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Later on in the flight, we could look out of a small window and see mountains poking up through snow and ice:

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When we landed almost everyone from the flight stopped and took pictures and enjoyed the view, we couldn’t have asked for better weather.

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We will spend the next few days organizing gear and getting ready to head out into the field until mid to late December at the Taylor Glacier which is located in the Dry Valleys. Stay tuned for more information about our field work and research questions.

Delayed–but new adventures in Akaroa

This morning at 4:45 am we received a call that our deployment would be delayed 24 hrs due to bad weather at McMurdo Station, so we got a chance to catch up on sleep and explore the beautiful scenery near Christchurch.

We rented a car and drove about 1.5 hrs SE to Akaroa, a small town on the water surrounded by volcanic hills and lush farmland dotted with livestock.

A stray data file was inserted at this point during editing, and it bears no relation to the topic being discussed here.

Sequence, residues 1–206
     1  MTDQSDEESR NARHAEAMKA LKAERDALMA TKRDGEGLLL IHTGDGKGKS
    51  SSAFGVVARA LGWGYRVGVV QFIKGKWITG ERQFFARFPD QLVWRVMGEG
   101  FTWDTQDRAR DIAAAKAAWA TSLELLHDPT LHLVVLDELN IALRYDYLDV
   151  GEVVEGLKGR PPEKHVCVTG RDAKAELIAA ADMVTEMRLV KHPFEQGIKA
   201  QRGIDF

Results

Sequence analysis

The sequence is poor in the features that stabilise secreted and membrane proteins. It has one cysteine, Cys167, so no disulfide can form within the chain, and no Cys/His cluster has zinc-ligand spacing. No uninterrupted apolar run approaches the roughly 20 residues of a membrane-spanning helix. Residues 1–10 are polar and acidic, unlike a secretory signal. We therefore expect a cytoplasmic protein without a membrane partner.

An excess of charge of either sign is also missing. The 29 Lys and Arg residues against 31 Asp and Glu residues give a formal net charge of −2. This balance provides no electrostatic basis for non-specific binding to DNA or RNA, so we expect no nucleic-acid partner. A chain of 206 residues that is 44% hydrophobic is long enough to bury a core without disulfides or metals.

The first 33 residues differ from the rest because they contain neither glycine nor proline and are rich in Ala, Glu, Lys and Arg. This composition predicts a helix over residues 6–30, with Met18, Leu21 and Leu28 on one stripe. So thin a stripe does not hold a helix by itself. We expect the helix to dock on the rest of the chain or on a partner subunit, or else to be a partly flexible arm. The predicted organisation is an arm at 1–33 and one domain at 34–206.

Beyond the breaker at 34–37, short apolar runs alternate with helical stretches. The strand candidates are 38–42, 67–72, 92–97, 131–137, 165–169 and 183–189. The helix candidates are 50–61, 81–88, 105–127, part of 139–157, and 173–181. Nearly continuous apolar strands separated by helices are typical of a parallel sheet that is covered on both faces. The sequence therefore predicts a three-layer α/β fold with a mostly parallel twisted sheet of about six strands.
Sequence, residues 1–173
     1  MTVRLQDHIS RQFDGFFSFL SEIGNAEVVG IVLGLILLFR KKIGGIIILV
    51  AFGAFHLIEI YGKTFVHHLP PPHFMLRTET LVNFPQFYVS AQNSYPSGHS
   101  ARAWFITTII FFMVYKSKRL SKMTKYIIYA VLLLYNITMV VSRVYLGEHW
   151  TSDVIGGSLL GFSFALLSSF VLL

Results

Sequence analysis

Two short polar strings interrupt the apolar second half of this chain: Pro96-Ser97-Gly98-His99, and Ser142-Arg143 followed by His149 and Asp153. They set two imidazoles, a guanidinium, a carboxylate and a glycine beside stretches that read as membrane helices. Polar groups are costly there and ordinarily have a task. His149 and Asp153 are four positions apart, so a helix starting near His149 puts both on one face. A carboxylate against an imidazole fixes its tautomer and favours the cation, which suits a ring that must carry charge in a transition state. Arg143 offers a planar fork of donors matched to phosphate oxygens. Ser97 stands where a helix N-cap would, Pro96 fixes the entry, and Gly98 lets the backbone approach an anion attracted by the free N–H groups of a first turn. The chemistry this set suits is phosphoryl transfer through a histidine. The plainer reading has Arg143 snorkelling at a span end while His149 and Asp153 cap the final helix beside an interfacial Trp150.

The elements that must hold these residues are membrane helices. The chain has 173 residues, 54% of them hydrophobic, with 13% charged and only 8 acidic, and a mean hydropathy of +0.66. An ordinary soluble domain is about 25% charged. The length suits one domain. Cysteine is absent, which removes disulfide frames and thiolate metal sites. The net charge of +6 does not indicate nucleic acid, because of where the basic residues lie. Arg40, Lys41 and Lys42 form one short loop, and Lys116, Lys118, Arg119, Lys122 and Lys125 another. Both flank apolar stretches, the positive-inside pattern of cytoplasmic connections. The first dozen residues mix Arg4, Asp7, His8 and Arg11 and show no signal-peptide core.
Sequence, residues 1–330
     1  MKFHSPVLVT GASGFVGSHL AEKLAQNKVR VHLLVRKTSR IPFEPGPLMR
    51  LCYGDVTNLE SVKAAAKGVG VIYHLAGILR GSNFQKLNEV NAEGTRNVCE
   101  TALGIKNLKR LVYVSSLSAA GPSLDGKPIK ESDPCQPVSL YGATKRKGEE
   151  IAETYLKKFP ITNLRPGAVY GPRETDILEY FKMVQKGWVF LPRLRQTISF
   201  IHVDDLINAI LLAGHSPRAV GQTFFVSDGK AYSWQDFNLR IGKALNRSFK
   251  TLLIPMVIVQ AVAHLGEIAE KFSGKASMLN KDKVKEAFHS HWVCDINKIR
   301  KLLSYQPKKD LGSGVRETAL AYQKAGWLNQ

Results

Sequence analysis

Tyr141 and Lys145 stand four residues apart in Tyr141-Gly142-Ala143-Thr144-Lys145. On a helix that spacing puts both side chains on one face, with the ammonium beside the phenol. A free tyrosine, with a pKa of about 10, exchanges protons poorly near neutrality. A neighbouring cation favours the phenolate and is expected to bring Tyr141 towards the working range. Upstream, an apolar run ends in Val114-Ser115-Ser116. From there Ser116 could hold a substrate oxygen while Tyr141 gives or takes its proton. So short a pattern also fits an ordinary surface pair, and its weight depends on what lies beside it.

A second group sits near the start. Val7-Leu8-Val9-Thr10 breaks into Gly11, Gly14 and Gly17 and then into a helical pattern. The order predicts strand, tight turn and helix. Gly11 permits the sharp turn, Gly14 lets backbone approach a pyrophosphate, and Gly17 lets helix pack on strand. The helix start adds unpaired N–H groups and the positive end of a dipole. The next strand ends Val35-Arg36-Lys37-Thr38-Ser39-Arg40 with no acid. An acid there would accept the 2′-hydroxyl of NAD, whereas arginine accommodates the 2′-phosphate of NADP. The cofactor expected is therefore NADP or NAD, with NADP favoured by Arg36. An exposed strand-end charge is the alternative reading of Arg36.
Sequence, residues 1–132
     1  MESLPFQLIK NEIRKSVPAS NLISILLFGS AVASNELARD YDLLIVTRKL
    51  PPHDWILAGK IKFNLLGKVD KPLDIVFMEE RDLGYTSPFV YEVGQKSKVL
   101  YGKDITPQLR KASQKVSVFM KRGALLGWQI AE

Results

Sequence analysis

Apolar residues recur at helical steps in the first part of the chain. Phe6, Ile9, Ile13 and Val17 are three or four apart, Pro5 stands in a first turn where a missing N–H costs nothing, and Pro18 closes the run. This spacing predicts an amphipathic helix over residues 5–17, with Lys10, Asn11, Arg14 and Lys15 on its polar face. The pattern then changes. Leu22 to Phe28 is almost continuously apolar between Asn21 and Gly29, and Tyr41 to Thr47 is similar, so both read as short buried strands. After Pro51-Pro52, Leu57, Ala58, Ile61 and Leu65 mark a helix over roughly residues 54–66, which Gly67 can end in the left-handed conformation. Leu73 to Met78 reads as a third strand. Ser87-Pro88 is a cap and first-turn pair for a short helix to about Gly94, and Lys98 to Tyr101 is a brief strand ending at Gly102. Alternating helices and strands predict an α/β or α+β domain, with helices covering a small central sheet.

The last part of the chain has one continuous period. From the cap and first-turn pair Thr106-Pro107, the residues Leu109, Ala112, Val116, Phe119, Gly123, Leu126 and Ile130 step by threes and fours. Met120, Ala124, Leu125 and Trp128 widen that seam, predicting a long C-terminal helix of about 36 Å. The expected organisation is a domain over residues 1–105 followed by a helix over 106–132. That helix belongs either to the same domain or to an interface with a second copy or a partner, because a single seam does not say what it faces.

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We had lunch at a small cafe right on the water, and spent about 2 hrs on a naturewalk where we had gorgeous views of the harbor and hillside.

The walk finished near a house with a great garden full of jasmine and roses.

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We are again scheduled to fly out of Christchurch tomorrow morning, but we will have to wait and see if the pilots feel comfortable enough to make the flight. If not, we may be doing some more exploring around the area!

Getting geared up for Antarctica!

We arrived in Christchurch very late last night and first thing this morning we headed to Christchurch CDC (clothing distribution center) to get all of our cold weather gear for Antarctica.

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We are scheduled to deploy to McMurdo Station early tomorrow (Monday) morning, and we are all keeping our fingers crossed for good weather so that we don’t have to turn around mid-flight (boomeranged) and return to Christchurch.

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Keep checking the blog for pictures from Antarctica!